Monday, April 20, 2015

Spring Cleaning

Rachel Notley did something very smart yesterday - she claimed the legacy of the patron saint of Alberta politics, Peter Lougheed. She praised Lougheed's ideas such as corporations paying their fair share of taxes, and acting like owners of our natural resources (and charging accordingly). Considered "extreme" by the current version of the Progressive Conservative party that Lougheed once led, these ideas now form part of the NDP platform while the PCs seem to have lost their vision.

In the 2012 election, the imminent threat of a Wildrose government forced a lot of progressive voters to support the PCs. Campaign Manager Stephen Carter recently admitted the PC strategy to scare moderate voters away from Danielle Smith in the last few days and hours before the vote, which somewhat explains the polls. What is different in 2015 is this is a three-horse race, and similar tactics to portray Wildrose as extremists may end up driving voters to the NDP instead. Also different in 2015 is three years of almost uninterrupted government scandal and incompetence, with a recent spate of undemocratic dealings in their own candidate nominations. The cherry on top was the budget which raised taxes, cut services and still managed to run a deficit, alienating everyone.

The status quo is not nearly as appealing as it was three years ago. The vibe is different now. People can nitpick the polling numbers and methodologies, but we're halfway through the campaign and the aura of inevitability, of invincibility, is gone from the PC party. Long-time party loyalists are quitting. Calgary newspapers are attacking the PCs like never before. Wildrose, having lost its photogenic leader and two-thirds of its members only a few months ago and now led by a virtual unknown, is in first place. Just how angry and disillusioned does a conservative voter have to be to choose that chaos over a traditional party?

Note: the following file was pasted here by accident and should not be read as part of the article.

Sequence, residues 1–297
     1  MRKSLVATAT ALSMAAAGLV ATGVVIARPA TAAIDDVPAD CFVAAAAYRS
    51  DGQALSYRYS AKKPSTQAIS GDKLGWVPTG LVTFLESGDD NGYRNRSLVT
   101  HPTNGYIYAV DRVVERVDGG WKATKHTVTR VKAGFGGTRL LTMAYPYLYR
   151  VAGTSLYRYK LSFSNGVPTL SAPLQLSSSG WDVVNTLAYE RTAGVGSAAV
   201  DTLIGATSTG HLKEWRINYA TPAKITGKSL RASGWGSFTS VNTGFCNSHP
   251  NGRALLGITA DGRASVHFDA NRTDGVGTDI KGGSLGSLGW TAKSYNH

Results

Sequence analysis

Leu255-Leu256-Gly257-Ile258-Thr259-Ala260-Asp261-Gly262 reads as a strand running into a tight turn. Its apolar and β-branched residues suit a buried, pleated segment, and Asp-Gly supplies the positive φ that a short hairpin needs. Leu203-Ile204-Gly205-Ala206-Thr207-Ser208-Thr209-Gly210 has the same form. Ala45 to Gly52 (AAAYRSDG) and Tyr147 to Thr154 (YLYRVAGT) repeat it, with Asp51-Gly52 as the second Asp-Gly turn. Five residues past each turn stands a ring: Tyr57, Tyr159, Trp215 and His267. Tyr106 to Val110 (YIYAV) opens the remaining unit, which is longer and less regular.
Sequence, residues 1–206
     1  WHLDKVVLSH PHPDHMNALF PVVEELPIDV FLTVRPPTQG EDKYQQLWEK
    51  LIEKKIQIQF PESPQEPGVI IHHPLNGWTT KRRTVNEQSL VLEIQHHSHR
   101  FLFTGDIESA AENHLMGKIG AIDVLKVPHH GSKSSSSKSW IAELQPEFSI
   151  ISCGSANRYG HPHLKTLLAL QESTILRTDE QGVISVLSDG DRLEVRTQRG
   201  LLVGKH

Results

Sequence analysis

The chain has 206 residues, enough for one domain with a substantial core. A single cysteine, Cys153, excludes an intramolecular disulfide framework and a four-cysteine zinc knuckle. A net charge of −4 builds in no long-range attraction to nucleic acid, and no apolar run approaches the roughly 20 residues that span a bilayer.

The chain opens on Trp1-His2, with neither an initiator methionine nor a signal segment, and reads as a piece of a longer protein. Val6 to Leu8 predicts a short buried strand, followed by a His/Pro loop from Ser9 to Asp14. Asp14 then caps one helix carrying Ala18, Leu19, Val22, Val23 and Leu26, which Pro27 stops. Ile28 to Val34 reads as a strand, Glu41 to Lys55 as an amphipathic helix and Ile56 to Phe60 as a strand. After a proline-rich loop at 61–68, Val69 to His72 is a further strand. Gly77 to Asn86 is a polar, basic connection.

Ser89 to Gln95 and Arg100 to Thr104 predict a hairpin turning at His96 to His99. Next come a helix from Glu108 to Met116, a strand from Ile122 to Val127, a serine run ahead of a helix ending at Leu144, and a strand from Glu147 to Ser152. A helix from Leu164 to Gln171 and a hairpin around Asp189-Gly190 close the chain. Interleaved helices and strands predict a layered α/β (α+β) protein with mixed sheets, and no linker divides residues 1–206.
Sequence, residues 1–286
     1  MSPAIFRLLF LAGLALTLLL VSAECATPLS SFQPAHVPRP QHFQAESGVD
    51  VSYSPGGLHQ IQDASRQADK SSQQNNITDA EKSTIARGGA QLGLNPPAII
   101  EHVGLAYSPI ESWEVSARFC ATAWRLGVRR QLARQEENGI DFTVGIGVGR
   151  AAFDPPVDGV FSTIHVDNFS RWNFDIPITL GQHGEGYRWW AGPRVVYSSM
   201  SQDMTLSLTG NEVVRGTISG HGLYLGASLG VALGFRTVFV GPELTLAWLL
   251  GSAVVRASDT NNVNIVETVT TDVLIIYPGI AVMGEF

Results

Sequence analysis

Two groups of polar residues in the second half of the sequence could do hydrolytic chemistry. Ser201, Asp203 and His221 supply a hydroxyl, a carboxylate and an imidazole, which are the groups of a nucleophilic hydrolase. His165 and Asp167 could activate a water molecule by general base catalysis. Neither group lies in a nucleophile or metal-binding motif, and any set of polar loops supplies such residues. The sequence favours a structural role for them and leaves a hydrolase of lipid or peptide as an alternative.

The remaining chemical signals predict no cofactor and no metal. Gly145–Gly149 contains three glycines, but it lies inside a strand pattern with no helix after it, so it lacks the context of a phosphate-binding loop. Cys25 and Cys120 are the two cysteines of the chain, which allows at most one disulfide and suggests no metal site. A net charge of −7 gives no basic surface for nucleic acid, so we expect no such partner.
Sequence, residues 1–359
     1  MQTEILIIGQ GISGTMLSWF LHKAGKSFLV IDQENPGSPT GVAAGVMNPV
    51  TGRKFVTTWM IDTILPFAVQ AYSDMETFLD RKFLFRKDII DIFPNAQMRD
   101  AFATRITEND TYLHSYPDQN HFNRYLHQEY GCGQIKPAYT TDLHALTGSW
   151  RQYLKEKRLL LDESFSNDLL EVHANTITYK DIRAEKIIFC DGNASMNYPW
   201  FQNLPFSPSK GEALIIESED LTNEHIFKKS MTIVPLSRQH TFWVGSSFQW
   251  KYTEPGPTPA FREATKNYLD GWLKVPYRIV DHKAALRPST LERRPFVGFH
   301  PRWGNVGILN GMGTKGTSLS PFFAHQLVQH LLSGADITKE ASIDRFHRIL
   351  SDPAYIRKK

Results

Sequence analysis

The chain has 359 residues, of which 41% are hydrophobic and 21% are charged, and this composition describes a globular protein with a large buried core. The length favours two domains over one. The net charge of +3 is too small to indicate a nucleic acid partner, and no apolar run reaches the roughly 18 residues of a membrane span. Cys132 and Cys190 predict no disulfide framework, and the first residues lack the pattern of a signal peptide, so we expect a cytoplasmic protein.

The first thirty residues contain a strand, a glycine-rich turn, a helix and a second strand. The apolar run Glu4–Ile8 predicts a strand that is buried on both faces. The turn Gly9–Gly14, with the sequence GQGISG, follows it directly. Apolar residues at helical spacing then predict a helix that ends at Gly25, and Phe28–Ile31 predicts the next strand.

The NDP are working hard to present themselves as a moderate option (which they are: a centrist party anywhere else in Canada is considered leftist here) and are the most organized of the non-dynasty parties. We saw what happened four years ago when a national party let go of its more extreme ideas, presented itself as a reasonable alternative, and chose a charismatic leader: Jack Layton tripled the NDP seat count in Ottawa. Voters in Edmonton and Calgary recently elected young, progressive mayors. An urban-led Alberta orange crush does not seem so unthinkable all of a sudden.

True progressive conservatives are likely saddened and disappointed by what their party has become lately under Redford and now Prentice. After four decades in power, it resembles an authoritarian monster captured by corporations and more interested in getting elected than actually governing well. Had they been faithful to Lougheed's vision, the province would be a much more prosperous, free and democratic place to live. (And much richer, too. Read this and weep, Albertans.) It seems that the party is beyond repair and won't be able to voluntarily fix itself, especially if dissenting voices continue to be silenced.

The federal conservatives rebuilt themselves after Kim Campbell's annihilation. The liberals tore everything down following Michael Ignatieff's catastrophic leadership and are on the road back to relevance. Perhaps an electoral obliteration under Prentice is the only way for the progressive conservative party to truly clean house and renew their ideas and culture. A new coat of paint probably won't do it - an extreme renovation is required. Somehow I think Peter Lougheed would agree.

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